Thursday, November 24, 2016


Here's a wealth of Crowded House material that is going to keep fans busy until well past Christmas at least, and probably much longer as they take in all the new musical information included here. This is one of the most impressive reissue campaigns ever seen, and I'm not being hyperbolic. Every one of the band's studio collections has been reissued with an additional disc of mostly unreleased material, and in each case, that second disc is much longer than the original album it matches.

Then there's the look of them. Instead of throwing the sets out in regular jewel cases, each has been packaged in an enlarged box, with a hard cover, and a bigger picture than ever of the unique artwork created by band bassist Nick Seymour. The visual side of Crowded House was always a delight for fans, a bonus that reflected the group's sense of humour and whimsy. Also included is a full-sized book that features a new essay, info on all the bonus tracks, and lots and lots of pictures of original singles, posters and such, again a visual treat.

Taking a quick look at the original albums, debut Crowded House from 1986 was full of fun, witty tracks that showcased the group's charm, plus the breakthrough, world-wide smash, Don't Dream It's Over, the hugely melodic ballad that remains their best-known track. After some initial trouble, after a few months the album broke through in North America, especially Canada, where the group became huge MuchMusic favourites. 1988's Temple Of Low Men was darker, with infidelity and jealousy on the table. Songs such as I Feel Possessed, Into Temptation and Better Be Home Soon were no laughing matter, but still featured the best melodies in the game.

Third album Woodface had a troubled beginning. Neil Finn was working on two projects, the new album, and a set of originals written with his brother Tim (ex-Split Enz) that was going to be released as a side project. But when their record company rejected the new Crowded House album over weak songs, Neil asked his brother if he could pillage the work they'd done. Tim agreed, and also came along in the bargain, joining the band. It is arguably the strongest House album, with such gems as It's Only Natural, Fall At Your Feet, Weather With You and She Goes On, all featuring the brothers in harmony. That didn't last though, as Tim quit the act mid-way through the tour, one of a long series of break-ups afflicting the group.

The final proper album is Together Alone, a 1993 effort that saw touring keyboard player Mark Hart join full-time, and producer Youth brought in, with the record made in a remote setting in New Zealand. It is the more experimental, and louder of the band's discs, and highly enjoyable for it, with standouts Distant Sun and Locked Out filled with gutsy guitar. In 1999, after the band's initial split, a compilation of previously unreleased songs called Afterglow was assembled, many of them outtakes from the initial third album, before brother Tim's joining.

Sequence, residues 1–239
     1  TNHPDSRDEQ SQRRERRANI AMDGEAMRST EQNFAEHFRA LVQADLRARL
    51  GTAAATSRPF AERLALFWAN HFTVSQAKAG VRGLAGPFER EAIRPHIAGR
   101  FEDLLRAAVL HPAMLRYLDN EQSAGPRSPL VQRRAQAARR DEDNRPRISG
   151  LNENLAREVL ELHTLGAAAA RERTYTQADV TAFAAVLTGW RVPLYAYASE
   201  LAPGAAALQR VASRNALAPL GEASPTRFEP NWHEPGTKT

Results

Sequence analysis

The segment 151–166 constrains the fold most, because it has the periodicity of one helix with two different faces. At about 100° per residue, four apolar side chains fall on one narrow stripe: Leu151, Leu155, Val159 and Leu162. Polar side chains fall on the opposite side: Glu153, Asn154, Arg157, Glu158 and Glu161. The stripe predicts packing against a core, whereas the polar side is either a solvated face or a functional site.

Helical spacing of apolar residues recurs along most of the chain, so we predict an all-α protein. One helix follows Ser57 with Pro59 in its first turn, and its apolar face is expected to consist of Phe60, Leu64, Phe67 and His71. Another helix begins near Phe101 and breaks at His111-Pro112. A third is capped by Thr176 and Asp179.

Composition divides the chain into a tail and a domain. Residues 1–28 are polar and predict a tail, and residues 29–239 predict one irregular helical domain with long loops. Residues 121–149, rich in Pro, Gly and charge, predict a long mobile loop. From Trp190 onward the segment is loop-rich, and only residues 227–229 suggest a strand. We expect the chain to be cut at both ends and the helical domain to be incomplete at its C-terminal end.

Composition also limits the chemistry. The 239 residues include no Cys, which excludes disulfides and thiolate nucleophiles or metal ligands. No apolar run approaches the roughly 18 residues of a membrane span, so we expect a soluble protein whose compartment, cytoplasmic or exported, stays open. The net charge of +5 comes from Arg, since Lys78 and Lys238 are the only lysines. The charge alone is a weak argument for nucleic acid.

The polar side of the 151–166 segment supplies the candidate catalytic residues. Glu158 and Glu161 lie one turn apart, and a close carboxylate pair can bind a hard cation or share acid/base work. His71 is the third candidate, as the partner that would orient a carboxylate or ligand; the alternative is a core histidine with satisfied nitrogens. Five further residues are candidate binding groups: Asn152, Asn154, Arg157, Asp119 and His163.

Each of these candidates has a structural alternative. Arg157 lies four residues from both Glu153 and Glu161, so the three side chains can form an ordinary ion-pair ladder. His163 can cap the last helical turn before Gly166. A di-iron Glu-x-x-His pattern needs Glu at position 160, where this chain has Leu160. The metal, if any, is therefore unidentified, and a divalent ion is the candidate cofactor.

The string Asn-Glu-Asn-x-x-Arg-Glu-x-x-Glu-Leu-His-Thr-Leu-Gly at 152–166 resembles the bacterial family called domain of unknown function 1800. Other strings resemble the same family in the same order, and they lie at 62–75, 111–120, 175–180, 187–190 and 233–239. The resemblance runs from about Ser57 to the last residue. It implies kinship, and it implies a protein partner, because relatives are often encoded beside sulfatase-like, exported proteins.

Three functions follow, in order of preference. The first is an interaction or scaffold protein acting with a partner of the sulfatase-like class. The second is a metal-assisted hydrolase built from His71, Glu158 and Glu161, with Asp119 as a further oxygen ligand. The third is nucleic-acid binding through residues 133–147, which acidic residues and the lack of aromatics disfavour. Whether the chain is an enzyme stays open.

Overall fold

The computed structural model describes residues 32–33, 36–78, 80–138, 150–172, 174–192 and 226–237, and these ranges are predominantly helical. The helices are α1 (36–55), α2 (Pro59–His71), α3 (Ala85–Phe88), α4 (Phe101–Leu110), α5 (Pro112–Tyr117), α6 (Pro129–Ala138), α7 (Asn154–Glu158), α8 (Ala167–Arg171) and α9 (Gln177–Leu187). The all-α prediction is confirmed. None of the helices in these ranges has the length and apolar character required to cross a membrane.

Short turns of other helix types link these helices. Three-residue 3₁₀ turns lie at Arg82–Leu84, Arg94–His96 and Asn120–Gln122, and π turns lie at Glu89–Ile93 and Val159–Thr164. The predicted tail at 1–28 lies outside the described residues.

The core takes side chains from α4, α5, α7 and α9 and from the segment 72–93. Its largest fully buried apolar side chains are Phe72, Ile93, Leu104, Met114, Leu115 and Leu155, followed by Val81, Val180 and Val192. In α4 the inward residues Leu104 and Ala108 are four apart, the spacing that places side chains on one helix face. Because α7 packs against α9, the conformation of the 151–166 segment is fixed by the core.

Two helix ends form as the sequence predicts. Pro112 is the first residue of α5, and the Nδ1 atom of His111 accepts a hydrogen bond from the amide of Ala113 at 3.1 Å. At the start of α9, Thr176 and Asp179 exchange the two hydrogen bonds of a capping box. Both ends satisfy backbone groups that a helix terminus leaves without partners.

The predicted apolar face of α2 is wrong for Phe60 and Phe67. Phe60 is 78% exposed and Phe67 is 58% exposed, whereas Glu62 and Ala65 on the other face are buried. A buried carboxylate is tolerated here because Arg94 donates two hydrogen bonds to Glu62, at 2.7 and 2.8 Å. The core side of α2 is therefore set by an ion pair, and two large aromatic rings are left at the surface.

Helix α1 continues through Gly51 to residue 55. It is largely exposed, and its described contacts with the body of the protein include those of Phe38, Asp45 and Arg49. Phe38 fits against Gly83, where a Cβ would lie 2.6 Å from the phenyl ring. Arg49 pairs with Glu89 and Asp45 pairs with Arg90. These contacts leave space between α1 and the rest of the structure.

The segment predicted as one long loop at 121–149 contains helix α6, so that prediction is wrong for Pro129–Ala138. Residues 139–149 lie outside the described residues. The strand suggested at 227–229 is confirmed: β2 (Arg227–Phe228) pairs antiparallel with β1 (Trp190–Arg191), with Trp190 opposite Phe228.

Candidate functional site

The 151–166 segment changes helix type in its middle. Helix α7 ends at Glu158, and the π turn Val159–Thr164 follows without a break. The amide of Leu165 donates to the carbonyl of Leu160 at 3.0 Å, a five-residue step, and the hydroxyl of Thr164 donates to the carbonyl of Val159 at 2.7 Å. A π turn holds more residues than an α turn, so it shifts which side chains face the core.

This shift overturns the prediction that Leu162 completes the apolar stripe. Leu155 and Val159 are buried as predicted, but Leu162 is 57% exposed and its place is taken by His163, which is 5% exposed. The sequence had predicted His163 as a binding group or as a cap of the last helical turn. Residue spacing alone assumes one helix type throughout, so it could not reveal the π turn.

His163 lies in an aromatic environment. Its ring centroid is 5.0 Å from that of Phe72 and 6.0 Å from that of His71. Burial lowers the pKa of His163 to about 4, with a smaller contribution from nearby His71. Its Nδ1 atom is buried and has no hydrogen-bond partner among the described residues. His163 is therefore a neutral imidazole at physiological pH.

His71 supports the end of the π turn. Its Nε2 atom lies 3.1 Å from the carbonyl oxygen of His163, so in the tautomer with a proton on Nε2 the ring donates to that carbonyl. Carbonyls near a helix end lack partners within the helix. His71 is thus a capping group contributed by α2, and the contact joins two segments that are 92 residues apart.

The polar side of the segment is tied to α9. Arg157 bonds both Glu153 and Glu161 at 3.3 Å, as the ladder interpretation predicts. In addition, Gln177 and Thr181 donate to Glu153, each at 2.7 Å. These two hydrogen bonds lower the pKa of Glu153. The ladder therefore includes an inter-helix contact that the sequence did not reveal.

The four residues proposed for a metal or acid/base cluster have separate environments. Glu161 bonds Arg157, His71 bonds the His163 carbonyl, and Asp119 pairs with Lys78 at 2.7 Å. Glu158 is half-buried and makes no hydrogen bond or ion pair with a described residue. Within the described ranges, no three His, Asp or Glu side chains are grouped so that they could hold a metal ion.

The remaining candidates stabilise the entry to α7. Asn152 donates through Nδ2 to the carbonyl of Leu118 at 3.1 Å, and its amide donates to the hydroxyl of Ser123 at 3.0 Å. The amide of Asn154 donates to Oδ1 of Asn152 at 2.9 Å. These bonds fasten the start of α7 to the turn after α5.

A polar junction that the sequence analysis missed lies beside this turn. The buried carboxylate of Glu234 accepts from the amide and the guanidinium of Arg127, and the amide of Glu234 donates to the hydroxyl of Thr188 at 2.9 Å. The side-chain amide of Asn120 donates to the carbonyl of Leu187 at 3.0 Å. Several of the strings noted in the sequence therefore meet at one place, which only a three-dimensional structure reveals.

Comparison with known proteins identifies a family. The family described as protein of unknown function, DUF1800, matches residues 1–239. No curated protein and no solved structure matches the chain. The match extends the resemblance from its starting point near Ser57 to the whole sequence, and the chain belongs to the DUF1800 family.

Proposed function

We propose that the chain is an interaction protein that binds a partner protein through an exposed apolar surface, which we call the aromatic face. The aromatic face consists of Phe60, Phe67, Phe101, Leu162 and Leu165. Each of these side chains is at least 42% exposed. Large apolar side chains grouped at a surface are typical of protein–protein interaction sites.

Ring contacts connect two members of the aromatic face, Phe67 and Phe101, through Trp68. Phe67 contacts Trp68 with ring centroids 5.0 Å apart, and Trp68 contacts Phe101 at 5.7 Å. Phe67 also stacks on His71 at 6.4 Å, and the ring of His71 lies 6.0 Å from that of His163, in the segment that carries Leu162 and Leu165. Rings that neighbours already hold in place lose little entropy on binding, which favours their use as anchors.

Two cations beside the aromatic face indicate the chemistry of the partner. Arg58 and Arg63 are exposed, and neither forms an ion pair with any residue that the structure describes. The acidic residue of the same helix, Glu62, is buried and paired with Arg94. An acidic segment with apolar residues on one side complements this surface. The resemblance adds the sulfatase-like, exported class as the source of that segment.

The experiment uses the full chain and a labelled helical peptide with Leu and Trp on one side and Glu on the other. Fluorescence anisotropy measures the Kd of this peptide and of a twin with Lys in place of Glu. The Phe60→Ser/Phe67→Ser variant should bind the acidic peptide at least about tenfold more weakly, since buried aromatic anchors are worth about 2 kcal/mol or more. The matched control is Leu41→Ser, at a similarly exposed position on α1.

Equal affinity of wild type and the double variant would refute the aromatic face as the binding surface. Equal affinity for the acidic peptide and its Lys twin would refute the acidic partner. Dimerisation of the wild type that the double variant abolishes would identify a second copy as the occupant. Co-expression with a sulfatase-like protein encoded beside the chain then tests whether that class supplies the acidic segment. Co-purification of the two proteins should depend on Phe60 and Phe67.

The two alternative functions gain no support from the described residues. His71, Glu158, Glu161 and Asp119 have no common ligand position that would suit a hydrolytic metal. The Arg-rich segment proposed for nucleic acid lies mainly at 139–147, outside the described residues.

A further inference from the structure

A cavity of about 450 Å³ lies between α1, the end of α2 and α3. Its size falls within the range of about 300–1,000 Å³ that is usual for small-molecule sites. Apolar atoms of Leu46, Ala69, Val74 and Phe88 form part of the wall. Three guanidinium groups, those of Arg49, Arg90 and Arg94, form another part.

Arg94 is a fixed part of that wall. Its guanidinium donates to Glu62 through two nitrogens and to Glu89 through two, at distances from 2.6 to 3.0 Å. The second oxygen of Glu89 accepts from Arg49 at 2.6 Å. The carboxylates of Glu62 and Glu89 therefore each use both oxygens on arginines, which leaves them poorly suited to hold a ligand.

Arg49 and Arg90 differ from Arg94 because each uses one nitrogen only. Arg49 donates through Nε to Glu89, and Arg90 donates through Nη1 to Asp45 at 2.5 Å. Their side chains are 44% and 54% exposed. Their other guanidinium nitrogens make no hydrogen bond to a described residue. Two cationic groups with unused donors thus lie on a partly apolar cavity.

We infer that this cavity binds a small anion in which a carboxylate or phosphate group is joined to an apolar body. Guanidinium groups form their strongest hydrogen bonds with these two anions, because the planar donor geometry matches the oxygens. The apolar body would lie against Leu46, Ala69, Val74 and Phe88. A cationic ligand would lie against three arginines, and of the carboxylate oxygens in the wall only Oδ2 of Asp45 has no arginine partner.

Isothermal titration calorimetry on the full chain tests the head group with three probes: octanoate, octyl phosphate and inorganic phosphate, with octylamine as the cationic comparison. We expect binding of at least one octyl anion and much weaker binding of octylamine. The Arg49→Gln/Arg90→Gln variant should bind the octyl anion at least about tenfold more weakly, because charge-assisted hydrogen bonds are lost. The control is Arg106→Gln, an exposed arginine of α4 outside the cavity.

With a set of outtakes already having come out, you'd think the well might not be that deep for more bonus cuts, but it turns out, Afterglow was really just the tip of the iceberg. Neil Finn was a passionate demo-maker, and for much of the time, very prolific as well. Finn made available his great stash of home tapes, studio masters, everything in the vault, to be considered, allowing himself final approval over the tracks selected, but it was certainly a gold mine. There are heretofore unknown gems even he admits really should have been released, passed over for some imagined flaws. We hear full songs that were scavenged for others, a line, a chorus, a hook, anything could be transplanted to serve the greater good. The best example of this is found with a track called Dream On, which had a middle eight he liked, which was then matched to a chorus from another called Never Been Born, and all added to verses from a third song, thereby creating Into Temptation. We get to hear the whole evolving process. Then there's the earlier version of the debut album's Hole In The River, which featured a rap in the middle by drummer Paul Hester (quite good, too) which was soon dropped. It all depended on whether somebody had a stronger opinion about a song. Producer Mitchell Froom liked the chorus of Now We're Getting Somewhere, but not the verses, so Finn simply took the verses, melody and all, from another cut, Stranger Underneath Your Skin, and grafted them in.

For bonus cuts, there's precious little filler, no extended versions or remixes, none needed, and very little live material, only cuts that were out there but very hard to collect now, on fan club issues or long-out-of-print CD singles. There are still many, many live shows in the vault, and the idea of a concert box set is still under serious consideration, the compilers have said. This only covers the initial releases of the band, and in the 2000s the group was reformed, after Hester's sad suicide, releasing two more albums, Time On Earth and Intriguer. Those two have been reissued in this same manor, and hopefully I'll get to those soon. Meanwhile, the band has been on hiatus since the Intriguer tour ended, except that this very evening, they take the stage once more, again at the Sydney Opera House, scene of their greatest concert triumph, for a special two nights honouring the group's 30th anniversary. I'd go, but I gotta work.

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